backplanes, such as the RSM module for the Catalyst 5000 and 5500, are
   * WAN switching products in the IGX and BPX lines are not affected.
   * The MGX (formerly known as the AXIS shelf) is not affected.
   * No host-based software is affected.
   * The Cisco PIX Firewall is not affected.
   * The Cisco LocalDirector is not affected.
   * The Cisco Cache Engine is not affected.

Attackers can cause Cisco IOS devices to crash and reload. Furthermore, an
attacker can repeat the process at will. By striking continuously, an
attacker might be able to completely disable a Cisco IOS device until that
device was reconfigured by its administrator.

Some Cisco IOS devices have been observed to hang instead of crashing when
attacked. These devices do not recover until manually restarted by reset or
power cycle. This means that it might be necessary for an administrator to
physically visit an attacked device in order to recover from the attack,
even if the attacker is no longer actively sending any traffic.

Some devices have crashed without providing stack traces; devices crashed
using this vulnerability may indicate that they were "restarted by
power-on", even when that is not actually the case.

You can work around this vulnerability by preventing any affected Cisco IOS
device from receiving or processing UDP datagrams addressed to its port 514.
This can be done either using packet filtering on surrounding devices, or by
using input access list filtering on the affected IOS device itself.

If you use an input access list, that list should be applied to all
interfaces to which attackers may be able to send datagrams. This includes
not only physical LAN and WAN interfaces, but virtual subinterfaces of those
physical interfaces, as well as virtual interfaces and/or interface
templates corresponding to GRE, L2TP, L2F, and other tunnelling protocols.

The input access list must block traffic destined for UDP port 514 at any of
the Cisco IOS device's own IP addresses, as well as at any broadcast or
multicast addresses on which the Cisco IOS device may be listening. It's
important to remember to block old-style "all-zeroes" broadcasts as well as
new-style "all-ones" broadcasts. It is not necessary to block traffic being
forwarded to other hosts; only traffic actually addressed to the Cisco IOS
device is of interest.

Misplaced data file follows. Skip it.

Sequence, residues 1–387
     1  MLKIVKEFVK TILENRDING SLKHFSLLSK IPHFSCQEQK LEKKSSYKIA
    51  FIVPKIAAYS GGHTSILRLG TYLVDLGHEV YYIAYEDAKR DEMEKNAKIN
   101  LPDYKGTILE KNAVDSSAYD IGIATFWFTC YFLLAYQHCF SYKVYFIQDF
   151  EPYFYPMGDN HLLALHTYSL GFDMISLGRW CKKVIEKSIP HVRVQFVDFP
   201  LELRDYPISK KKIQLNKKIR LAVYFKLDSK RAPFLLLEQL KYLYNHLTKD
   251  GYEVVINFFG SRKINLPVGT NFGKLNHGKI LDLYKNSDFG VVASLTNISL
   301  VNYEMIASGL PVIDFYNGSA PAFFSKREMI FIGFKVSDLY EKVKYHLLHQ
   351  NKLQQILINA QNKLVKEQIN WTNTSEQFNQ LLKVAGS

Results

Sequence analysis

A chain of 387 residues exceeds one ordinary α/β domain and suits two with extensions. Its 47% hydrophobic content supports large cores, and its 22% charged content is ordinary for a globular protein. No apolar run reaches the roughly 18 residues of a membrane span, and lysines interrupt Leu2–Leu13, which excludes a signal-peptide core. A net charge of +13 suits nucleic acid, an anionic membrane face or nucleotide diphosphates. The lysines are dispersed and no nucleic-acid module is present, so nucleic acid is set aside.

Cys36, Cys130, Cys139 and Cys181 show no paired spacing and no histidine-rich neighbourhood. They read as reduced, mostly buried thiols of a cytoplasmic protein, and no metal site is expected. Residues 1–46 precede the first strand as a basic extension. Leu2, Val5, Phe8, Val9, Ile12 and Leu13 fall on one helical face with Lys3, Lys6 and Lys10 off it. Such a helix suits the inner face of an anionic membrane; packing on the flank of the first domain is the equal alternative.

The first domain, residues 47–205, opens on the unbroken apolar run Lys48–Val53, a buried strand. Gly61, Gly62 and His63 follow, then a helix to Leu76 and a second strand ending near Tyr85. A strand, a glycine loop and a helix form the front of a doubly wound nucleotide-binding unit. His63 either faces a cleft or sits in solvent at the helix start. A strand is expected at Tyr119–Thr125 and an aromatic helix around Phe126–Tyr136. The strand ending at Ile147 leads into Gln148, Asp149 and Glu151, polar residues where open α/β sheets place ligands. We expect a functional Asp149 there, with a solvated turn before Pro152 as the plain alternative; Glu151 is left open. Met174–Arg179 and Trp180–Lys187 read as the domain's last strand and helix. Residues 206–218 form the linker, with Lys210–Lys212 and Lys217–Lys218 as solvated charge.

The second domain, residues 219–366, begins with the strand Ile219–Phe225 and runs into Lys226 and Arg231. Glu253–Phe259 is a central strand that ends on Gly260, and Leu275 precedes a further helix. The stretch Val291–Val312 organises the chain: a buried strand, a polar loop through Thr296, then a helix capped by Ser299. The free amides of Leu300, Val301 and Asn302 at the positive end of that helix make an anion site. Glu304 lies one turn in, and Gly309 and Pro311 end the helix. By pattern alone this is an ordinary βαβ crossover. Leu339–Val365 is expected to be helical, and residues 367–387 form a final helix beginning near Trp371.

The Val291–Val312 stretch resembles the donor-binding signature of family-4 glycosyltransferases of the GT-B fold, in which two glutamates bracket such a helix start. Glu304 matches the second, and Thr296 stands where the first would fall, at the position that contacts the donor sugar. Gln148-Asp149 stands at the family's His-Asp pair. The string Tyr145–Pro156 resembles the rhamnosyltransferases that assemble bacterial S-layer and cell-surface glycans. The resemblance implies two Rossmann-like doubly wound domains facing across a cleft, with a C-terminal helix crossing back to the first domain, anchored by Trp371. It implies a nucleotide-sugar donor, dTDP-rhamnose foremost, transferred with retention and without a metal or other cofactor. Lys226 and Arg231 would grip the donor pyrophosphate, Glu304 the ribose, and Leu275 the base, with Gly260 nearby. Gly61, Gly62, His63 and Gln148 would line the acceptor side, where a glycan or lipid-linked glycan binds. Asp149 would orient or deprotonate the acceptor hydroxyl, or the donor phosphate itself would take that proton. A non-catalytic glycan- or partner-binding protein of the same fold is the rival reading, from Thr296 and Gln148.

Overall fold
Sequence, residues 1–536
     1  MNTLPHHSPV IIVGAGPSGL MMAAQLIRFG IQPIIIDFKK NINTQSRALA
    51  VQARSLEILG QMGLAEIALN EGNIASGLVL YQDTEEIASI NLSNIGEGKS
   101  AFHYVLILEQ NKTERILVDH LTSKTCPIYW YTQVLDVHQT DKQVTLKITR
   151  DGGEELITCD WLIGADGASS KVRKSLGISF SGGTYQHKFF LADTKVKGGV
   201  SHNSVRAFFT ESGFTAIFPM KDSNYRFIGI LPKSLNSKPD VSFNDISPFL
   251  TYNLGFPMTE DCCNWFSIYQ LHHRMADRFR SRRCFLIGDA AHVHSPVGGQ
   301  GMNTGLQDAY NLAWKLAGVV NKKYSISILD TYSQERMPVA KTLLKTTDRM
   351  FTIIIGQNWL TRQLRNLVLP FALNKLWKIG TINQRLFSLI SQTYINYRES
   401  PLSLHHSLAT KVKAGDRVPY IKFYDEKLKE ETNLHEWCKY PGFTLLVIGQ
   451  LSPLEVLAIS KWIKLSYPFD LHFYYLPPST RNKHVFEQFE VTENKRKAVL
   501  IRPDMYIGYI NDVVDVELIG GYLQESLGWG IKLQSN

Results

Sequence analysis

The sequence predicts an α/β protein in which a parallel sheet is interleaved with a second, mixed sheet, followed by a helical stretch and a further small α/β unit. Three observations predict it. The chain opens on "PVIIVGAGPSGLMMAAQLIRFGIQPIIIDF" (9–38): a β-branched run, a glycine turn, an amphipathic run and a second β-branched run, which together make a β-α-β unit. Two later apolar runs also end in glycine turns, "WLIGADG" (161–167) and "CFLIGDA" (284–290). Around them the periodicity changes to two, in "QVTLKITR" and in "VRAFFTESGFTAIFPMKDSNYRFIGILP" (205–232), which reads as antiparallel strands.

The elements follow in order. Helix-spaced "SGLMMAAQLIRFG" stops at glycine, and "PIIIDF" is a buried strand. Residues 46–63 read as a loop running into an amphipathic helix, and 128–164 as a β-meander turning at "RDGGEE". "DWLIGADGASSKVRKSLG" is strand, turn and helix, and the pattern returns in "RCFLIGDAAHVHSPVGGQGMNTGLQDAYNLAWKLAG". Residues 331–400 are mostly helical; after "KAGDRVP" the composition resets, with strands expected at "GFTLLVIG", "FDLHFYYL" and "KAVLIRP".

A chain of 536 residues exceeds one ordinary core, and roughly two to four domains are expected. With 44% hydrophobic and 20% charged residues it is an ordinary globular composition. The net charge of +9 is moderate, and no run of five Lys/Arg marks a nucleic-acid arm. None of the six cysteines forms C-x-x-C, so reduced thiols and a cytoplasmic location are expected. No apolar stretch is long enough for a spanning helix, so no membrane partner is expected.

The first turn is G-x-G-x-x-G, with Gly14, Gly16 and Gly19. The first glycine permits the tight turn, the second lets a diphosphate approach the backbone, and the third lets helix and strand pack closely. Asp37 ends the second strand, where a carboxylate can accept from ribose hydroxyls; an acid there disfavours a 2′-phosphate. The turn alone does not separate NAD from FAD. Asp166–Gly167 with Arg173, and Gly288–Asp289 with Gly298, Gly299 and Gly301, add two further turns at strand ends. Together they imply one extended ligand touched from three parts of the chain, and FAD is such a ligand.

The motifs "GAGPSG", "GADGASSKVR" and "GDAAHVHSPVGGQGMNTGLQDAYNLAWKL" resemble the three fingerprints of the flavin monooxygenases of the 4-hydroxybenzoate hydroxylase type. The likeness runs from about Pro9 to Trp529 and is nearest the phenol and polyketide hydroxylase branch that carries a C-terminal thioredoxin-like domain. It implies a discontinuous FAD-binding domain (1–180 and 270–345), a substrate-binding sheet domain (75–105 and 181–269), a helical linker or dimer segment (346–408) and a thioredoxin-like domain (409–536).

There is no single input access list that will work in all configurations.
It is very important that you understand the effect of your access list in
your specific configuration before you activate the list.

The following example shows a possible access list for a three-interface
router, along with the configuration commands needed to apply that access
list. The example assumes that there is no need for input filtering other
than as a workaround for this vulnerability.

     ! Deny all multicasts, and all unspecified-net broadcasts, to port 514
     access-list 101 deny udp any eq 514
     ! Deny old-style unspecified-net broadcasts
     access-list 101 deny udp any host eq 514
     ! Deny network-specific broadcasts. This example assumes that all of
     ! the local interfaces are on the class B network, subnetted
     ! everywhere with mask This will differ from network
     ! to network. Note that we block both new-style and old-style broadcasts.
     access-list 101 deny udp any eq 514
     access-list 101 deny udp any eq 514
     ! Deny packets sent to the addresses of our own network interfaces.
     access-list 101 deny udp any host eq 514
     access-list 101 deny udp any host eq 514
     access-list 101 deny udp any host eq 514
     ! Permit all other traffic (default would be to deny)
     access-list 101 permit ip any any

     ! Apply the access list to the input side of each interface
     interface ethernet 0
     ip address
     ip access-group 101 in

     interface ethernet 2
     ip address
     ip access-group 101 in

     interface ethernet 3
     ip address
     ip access-group 101 in

It can be complicated to list all possible addresses, and especially all
possible broadcast addresses, to which attack packets might be sent. If you
do not expect to need to forward any legitimate syslog traffic received on